The Black Wild Cherry Wood
The Black Wild Cherry Wood.
Botanical name: Prunus Serotina.
Origin: North America, from the highlands of Mexico to Quebec, all over the eastern half of the United States.
The name of black cherry is due to the colour of its black and sour berries.
With a much more regular structure than its European cousin, it is especially recognizable by the small pockets of gum, which are rarely avoidable.
By its more regular structure and a more homogeneous colour, exempt from greenish veining, the black cherry is very appreciated in the industry of the furniture and the panels in order to obtain a production as less heterogeneous as possible.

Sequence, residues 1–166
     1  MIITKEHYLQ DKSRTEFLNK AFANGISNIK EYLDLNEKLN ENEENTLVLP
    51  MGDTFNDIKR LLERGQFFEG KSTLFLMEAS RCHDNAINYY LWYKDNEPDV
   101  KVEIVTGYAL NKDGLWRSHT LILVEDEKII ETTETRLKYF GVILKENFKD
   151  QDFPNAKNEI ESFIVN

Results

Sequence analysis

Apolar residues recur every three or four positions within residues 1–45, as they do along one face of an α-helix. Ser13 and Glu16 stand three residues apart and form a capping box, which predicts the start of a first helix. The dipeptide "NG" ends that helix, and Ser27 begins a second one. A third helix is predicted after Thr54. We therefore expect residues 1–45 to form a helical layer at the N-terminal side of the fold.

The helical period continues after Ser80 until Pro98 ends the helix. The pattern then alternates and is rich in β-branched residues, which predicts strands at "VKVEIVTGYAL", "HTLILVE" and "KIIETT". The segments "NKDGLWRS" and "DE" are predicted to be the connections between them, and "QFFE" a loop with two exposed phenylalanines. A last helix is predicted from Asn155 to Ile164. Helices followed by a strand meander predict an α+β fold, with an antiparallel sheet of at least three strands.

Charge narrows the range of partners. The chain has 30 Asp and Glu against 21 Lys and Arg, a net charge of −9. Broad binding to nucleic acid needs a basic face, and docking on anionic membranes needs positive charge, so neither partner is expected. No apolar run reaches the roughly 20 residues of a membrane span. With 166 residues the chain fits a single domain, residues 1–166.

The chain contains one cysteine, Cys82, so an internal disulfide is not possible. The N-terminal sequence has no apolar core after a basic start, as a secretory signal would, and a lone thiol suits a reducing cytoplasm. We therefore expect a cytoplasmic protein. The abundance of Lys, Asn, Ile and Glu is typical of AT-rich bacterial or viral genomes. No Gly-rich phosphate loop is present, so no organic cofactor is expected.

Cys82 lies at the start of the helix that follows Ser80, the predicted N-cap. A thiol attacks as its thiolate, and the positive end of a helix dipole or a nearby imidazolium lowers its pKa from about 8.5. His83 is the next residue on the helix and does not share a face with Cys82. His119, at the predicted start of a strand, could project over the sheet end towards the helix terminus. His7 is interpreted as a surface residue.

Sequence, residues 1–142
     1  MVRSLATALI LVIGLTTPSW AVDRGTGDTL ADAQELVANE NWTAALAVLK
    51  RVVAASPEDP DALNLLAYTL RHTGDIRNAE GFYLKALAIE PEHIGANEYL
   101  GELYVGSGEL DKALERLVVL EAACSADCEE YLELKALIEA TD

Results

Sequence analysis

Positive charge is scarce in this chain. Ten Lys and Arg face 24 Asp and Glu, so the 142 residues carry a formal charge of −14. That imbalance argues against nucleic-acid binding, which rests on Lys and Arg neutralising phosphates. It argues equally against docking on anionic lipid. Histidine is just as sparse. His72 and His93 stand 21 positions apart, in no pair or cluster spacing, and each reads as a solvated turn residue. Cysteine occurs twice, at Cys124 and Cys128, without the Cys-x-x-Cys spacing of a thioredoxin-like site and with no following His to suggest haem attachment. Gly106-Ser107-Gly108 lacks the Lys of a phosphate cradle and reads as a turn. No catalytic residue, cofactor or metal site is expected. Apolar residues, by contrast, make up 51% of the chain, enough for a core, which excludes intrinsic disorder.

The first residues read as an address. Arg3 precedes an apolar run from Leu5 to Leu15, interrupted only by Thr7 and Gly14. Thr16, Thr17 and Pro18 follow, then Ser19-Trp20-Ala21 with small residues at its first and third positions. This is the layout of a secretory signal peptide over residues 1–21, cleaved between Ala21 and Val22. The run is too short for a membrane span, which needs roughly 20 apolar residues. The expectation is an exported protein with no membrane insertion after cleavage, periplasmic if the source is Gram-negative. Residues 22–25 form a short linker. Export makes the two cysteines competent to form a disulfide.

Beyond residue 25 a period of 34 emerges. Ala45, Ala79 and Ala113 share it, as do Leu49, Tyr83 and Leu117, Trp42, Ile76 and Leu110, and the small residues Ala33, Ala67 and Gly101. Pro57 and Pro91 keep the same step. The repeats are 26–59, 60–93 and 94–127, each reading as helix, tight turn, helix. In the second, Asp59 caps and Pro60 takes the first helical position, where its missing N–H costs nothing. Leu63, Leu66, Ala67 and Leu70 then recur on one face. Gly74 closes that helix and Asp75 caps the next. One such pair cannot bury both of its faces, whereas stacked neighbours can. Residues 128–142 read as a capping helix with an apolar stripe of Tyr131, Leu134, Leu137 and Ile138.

Black Cherry has distinct creamy sapwood while the heartwood is orange-brown. It is often darker than European cherry but above all, it darkens quite quickly in the light.
It is traditionally very appreciated in interior furnishings, as well as in lumber as in veneers.
Other uses of this wood are carving, turning, making stair railings, silk reels, brushwood and pipe stoves.
Its delicately amended smell makes it the staves of choice for white spirits barrels.